The solution is to generate urgency at every juncture so that you create action that moves the deal forward and, in turn, builds velocity toward the Close.
Consider the complexity of many sales initiatives and the stakeholders involved in decision making. To elevate the urgency, you need to understand what the triggers and dynamics are internally and then build upon that.
Risk is a huge trigger for many clients. While they might consider the risk involved in going forward with a project, you can focus on the risk of not taking action. If you can quantify the risk of not moving forward, that’s even better because that elevates the sense of urgency around action, which gets people to mobilize and commit.
For example, we have recently worked with a company that has a relatively high Net-Promoter score. In this scenario, they want to go from good to great, and to do that, they have to engage with their clients in such a superior fashion that it clearly differentiates them from their competitors. The problem is there has been some leakage in scores that could impact their future. The level of urgency for action is high, based on a competitive and changing market that is becoming more aggressive. The longer they put off doing something, the more time they lose to make a difference.
Another consideration is timing. Often, the urgency is around making something happen in the current fiscal year. The risk, therefore, comes from acting later rather than sooner.
With many clients, you have to figure out the specific risk that arises from action, or inaction and create the urgency for them. Just because people work within a certain industry or company doesn’t mean that they understand all of the risk. It will help if you could identify how this delay can hinder their achievement of current targets.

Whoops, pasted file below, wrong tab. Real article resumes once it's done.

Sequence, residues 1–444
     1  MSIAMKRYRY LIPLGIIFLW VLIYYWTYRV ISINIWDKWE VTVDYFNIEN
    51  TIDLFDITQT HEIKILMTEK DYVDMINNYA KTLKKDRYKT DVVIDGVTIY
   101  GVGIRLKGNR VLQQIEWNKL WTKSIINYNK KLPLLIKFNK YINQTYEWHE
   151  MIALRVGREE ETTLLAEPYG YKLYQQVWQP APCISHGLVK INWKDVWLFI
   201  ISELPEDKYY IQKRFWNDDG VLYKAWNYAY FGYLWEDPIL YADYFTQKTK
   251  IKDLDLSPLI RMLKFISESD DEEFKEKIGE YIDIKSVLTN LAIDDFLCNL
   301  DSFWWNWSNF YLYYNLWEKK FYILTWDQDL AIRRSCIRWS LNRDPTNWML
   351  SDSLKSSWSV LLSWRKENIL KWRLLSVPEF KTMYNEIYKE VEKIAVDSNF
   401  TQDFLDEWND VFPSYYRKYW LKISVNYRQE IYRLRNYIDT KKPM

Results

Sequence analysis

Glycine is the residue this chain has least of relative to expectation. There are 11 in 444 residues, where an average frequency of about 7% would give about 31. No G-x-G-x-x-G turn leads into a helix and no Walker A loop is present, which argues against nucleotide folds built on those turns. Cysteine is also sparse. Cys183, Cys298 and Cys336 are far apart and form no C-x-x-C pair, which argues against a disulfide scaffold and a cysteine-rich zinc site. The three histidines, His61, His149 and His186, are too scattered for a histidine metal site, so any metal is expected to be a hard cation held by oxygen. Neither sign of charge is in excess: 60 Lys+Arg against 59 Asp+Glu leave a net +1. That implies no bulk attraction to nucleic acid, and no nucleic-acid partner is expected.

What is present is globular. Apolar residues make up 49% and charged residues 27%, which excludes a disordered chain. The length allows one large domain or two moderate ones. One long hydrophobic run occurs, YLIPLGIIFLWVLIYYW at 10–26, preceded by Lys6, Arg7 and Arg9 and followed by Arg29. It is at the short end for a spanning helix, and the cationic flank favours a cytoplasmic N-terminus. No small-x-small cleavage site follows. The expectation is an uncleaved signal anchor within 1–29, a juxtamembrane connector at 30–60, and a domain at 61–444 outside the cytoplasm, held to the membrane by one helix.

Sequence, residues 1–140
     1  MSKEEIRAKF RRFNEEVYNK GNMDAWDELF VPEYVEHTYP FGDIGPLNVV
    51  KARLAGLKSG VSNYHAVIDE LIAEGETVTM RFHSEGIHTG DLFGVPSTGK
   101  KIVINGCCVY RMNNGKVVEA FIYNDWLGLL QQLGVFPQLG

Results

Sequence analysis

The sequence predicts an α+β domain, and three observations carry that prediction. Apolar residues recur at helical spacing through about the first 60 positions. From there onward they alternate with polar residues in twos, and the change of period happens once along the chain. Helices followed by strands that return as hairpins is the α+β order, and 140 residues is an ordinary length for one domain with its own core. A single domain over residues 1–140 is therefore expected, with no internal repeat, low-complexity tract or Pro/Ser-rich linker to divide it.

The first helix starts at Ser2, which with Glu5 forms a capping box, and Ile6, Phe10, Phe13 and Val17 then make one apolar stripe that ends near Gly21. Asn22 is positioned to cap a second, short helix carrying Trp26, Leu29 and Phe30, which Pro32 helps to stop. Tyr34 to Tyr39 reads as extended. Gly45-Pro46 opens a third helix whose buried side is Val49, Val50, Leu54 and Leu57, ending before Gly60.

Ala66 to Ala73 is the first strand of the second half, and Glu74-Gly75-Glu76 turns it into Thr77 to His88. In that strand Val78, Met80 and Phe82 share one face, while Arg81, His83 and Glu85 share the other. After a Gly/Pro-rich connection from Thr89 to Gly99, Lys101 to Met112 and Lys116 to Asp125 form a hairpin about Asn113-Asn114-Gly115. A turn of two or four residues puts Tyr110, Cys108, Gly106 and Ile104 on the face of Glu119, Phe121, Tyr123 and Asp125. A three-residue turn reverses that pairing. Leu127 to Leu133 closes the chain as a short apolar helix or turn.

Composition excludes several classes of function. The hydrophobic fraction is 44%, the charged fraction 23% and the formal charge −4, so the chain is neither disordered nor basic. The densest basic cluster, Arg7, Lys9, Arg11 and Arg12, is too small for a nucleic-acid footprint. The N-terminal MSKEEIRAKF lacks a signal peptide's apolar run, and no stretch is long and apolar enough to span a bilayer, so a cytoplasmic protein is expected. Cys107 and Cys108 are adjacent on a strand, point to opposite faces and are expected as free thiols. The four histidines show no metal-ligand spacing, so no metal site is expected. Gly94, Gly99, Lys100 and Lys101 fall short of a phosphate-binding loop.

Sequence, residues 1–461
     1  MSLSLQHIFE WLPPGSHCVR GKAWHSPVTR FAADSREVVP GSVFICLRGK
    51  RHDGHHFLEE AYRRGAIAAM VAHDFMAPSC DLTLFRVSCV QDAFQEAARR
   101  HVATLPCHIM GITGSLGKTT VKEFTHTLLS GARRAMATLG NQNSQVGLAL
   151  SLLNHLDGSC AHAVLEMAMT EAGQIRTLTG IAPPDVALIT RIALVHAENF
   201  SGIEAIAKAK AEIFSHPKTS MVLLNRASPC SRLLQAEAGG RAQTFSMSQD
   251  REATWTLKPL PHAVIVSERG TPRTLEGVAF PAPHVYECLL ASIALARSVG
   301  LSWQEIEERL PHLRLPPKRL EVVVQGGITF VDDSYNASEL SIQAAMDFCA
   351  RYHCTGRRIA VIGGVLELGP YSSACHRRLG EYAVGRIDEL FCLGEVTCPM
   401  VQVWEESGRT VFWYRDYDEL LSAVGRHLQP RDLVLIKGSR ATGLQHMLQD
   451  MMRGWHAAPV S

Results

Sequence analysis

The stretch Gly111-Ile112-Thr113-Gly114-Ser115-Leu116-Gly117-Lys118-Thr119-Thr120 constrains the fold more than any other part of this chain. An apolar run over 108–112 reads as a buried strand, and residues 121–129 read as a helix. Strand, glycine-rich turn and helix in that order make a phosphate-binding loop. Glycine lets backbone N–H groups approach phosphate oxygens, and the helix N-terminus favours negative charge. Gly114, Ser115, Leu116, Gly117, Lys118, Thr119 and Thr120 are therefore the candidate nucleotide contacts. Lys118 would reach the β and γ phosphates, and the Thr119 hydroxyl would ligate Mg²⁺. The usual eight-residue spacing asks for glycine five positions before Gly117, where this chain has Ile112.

Another way to do this is by relating stories that are based on experience. For example, we recently had a conversation with someone in which we encouraged a client to get approval from her CEO to secure the budget for the entire project, not just phase one. We did so by telling her about another client who didn’t do it that way, and when roles changed in executive-level management, phases two and three of that project were taken off the table. We warned her about the risk of losing momentum by missing the window of opportunity to get the budget needed to complete the project.
It’s interesting to note that the biggest indicator of success in helping clients understand risk and urgency is the positive impact on their careers. Once you understand what your clients want to accomplish, and you create a vision together, very positive things can happen to them career-wise when you help them to fulfill that vision.
By lighting a fire under your clients to create a sense of urgency, you can benefit from faster closes while they benefit from implementing your solutions.